New York Reviews Deportation Policies for Immigrants Facing Minor Criminal Charges
May 11, 2010 By Alison Bowen
Immigrants arrested for decades-old or minor violations, like marijuana possession, may soon be less subject to deportation in at least one state.
Last week, New York state officials promised to ease deportations of immigrants who had committed minor violations. The New York Times reported that the state’s governor, David Paterson, plans to grant more pardons to immigrants facing deportation.
Paterson announced he would establish a five-member panel to review deportation cases, particularly for immigrants facing charges of old or minor criminal violations.
For years, advocates have argued that strict immigration laws make even immigrants with legal status vulnerable to deportation for minor violations.
The American Immigration Council’s Immigration Policy Center reported April 26 that 10 percent of immigrants deported each year are legal permanent residents, and 68 percent of these legal residents are deported for minor, non-violent violations.
Laws passed in 1996 created more restrictions on who could remain in the country legally, and violations that previously didn’t flag an immigrant for deportation – like marijuana possession – now ensnare legal residents alongside undocumented immigrants.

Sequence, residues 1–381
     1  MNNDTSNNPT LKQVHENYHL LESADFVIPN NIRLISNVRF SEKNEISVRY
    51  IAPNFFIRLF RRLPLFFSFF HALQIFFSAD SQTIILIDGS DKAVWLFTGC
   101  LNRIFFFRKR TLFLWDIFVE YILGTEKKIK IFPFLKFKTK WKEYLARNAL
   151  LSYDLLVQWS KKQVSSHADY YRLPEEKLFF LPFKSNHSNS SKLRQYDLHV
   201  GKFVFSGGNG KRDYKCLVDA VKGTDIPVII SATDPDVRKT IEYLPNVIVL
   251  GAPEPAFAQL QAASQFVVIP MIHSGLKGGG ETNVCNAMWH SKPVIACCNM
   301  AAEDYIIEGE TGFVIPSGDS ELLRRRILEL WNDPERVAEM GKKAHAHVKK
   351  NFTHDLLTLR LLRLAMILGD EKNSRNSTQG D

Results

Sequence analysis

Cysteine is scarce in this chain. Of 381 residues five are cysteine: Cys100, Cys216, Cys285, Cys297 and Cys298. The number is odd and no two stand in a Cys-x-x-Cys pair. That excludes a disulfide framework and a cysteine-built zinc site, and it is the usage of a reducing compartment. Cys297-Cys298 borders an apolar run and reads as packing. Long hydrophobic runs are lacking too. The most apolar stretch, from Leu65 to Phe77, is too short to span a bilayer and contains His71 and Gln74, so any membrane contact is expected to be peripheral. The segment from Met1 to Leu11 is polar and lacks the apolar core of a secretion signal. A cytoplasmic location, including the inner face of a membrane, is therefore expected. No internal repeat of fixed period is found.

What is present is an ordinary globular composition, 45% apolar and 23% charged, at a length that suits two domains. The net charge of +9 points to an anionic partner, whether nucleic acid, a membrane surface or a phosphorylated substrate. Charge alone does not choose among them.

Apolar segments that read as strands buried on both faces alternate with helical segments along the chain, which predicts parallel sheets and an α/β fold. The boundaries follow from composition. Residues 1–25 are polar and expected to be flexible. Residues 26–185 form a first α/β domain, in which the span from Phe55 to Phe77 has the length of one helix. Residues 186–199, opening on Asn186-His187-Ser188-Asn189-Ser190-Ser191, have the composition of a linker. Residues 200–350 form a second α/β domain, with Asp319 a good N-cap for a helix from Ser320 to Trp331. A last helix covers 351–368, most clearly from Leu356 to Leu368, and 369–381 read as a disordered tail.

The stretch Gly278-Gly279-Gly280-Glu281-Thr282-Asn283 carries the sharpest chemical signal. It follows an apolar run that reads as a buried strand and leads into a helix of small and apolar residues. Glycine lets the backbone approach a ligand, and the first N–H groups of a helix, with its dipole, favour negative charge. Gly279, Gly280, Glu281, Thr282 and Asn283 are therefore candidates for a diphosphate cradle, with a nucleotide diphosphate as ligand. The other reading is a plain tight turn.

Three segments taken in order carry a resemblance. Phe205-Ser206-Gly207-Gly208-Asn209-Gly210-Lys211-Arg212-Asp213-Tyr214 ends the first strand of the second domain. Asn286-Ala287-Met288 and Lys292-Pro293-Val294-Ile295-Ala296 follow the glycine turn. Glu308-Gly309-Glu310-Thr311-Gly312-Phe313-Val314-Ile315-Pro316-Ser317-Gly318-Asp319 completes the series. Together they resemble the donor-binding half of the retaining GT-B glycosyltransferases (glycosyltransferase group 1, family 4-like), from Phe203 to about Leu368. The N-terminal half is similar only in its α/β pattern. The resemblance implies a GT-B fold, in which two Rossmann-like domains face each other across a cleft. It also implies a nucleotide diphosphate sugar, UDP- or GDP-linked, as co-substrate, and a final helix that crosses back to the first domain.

Immigrant advocates say that often, immigrants facing misdemeanor charges plead guilty, hoping this will end the situation, but they may not realize – and might not be notified by their lawyers – that pleading guilty affects their immigration status.
This issue arose in April, when the Supreme Court ruled that lawyers must advise their noncitizen clients about the deportation risks of pleading guilty to a crime.
The central character in the case was Jose Padilla, arrested in 2001 with more than 1,000 pounds of marijuana. He was a legal permanent resident who had served in the Vietnam War, according to The New York Times. He pleaded guilty, he said, after his lawyer incorrectly advised him that it would not affect his immigration status.
This year, the Supreme Court also considered a case about whether immigrants with drug possession offenses should be deported without being able to present their cases to an immigration judge.
In an April 30 press release, Amnesty International criticized an immigration reform bill proposed by New York Senator Charles Schumer, expressing concern that it didn’t protect immigrants deported for minor violations. The group stressed that Congress should consider “the amount of time living in the U.S., presence of family members, community ties and employment history.”
Image: Dey @ Flickr.
About Alison Bowen
Alison is a Missouri native and New York City freelance writer who has wanted to cover Latin America since studying Spanish in Central America. After moving to Brooklyn, her work has appeared in The New York Times, the Daily News, the Manhattan Times and Women’s eNews. She earned a master’s degree in journalism and Latin American and Caribbean studies at New York University. Her thesis focused on immigration policies after September 11, including counterterrorism measures, and their effects on the daily lives of immigrants in New York City.